The Devolution Debate: Facts that should not be forgotten

By G. H. Peiris


Several articles by Dr. Dayan Jayatilleke published in The Island during the past few days indicate that he is very definitely the most articulate and, arguably, the most “intermestic” exponent of the notion of the ’13th Amendment’ (implemented more comprehensively than at present with all powers and functions referred to in its Ninth Schedule vested on Provincial Councils– PCs) being the constitutional via media that would ensure stability, good governance and interethnic harmony. Dr DJ is no doubt aware that, following the misguided curtailment of Presidential powers through the 19th Amendment of the Constitution in 2015, alongside the practice of foreign agents including diplomatic personnel bypassing the Colombo government in their transactions with the ‘Northern PC’ emerging an unofficial ‘convention’ in Sri Lanka’s external relations, his prescription would actually entail the creation of a more autonomous network of PCs than envisioned at the promulgation of the 13th Amendment thirty years ago.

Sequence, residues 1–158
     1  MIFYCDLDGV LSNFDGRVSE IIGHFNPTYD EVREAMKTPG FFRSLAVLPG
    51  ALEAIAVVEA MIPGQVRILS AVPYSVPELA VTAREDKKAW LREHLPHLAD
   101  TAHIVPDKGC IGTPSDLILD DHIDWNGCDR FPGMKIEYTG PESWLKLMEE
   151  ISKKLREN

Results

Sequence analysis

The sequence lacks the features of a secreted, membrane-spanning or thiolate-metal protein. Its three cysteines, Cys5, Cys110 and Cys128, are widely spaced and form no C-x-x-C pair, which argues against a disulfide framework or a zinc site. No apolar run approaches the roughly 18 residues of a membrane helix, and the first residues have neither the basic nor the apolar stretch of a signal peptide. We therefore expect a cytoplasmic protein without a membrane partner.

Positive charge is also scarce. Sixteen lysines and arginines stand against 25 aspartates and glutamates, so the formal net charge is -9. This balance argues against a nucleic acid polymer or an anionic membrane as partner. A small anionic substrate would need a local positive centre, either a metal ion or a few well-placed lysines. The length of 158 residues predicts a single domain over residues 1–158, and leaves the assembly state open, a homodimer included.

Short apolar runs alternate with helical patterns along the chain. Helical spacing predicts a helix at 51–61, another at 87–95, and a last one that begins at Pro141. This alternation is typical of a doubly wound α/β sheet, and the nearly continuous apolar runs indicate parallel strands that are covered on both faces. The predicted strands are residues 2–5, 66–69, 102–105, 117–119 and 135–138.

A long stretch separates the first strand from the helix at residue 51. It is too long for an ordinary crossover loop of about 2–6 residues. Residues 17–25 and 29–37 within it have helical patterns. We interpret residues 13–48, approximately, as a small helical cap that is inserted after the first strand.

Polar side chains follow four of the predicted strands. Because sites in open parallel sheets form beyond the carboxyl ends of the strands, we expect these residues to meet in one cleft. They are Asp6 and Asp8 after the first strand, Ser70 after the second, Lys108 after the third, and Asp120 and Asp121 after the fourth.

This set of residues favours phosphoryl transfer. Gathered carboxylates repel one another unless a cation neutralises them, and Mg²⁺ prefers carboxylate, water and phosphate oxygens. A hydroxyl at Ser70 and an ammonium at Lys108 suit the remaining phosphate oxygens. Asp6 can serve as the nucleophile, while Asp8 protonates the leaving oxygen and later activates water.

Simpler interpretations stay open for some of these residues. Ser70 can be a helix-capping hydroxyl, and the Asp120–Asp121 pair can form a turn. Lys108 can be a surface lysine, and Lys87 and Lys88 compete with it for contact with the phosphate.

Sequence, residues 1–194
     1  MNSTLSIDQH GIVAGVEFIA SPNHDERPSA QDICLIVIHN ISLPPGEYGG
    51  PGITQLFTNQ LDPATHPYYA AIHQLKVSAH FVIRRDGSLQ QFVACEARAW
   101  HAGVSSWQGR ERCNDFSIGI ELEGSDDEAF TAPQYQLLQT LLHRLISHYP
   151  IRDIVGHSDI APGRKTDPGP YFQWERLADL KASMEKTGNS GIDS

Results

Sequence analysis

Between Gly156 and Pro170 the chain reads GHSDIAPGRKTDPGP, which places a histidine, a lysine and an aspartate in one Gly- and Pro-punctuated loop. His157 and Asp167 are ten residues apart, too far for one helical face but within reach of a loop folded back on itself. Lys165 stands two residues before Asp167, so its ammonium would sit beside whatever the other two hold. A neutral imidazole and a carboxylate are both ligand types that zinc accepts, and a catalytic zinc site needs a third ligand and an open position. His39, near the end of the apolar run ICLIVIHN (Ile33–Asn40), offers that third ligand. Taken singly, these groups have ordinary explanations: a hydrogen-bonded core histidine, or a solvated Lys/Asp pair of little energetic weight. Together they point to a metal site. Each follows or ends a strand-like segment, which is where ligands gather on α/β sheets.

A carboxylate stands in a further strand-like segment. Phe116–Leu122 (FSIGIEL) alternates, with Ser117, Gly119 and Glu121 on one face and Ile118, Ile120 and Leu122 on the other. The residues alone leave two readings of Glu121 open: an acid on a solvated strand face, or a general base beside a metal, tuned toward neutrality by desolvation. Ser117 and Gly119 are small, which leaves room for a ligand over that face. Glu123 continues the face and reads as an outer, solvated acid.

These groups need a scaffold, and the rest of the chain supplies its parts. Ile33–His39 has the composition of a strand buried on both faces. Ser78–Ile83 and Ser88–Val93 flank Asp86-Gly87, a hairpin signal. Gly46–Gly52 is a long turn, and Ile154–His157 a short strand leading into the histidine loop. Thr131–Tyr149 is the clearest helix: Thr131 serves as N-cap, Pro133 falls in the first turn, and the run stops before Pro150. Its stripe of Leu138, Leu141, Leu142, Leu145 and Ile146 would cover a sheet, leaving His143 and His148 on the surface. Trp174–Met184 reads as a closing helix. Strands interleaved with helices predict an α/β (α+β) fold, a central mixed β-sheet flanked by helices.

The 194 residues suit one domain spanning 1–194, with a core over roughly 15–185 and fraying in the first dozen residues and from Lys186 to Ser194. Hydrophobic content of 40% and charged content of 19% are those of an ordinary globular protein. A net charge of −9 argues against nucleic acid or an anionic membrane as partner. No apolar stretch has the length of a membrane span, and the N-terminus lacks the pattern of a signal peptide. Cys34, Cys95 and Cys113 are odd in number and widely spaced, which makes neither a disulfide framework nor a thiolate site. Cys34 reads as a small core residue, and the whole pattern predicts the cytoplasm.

The third instalment of Dr. DJ’s recent discourse on this subject (The Island, 21 September) is adorned with the maxim “Fugget aboutit” –borrowed from a display of machismo by a character in the Hollywood crime serial ‘Miami Vice’. Contextually the maxim is an initial thematic thrust intended to persuade the readership that the ‘Province verses District’ dispute should be forgotten about because “…it is no longer a legitimate subject for debate”. But thereafter he proceeds to argue passionately on the side of province-based devolution, implicitly equating all other viewpoints as representing the cardinal sin of ‘unilateralism’. In an attempt replete with oracular assertions (woefully deficient in hard evidence)intended to reinforce his own submissions to this “illegitimate” debate, he makes a passing reference to the wisdom of Gautama the Buddha and Aristotle the Hellenic sage, and then broadcasts a haphazard scatter of mundane pronouncements and prescriptions by others such as SWRD Bandaranaike’s “federal proposal” which was no more than a fledgling test-flight by a highly pedigreed young man in the late 1920s towards nationalist leadership; Joseph Stalin’s demented pronouncement on the existence of a “common culture” among the innumerable nationalities enslaved in the gigantic Russian Empire of his time; Fidel Castro’s supposedly profound thoughts on “healing the wounds” of unresolved’ National Questions’ in Sri Lanka and, believe it or not, in the ‘African Horn’; JR Jayewardene’s disclosure to the Editor of ‘Lanka Guardian’ which the veteran journalist did not consider worthy of mention anywhere in that journal; and Vijaya Kumaratunga’s call (figuratively, no doubt) for “inter-communal marriage”. Quite hilarious – please re-read it and enjoy, unless you wish to “Fugget about it”.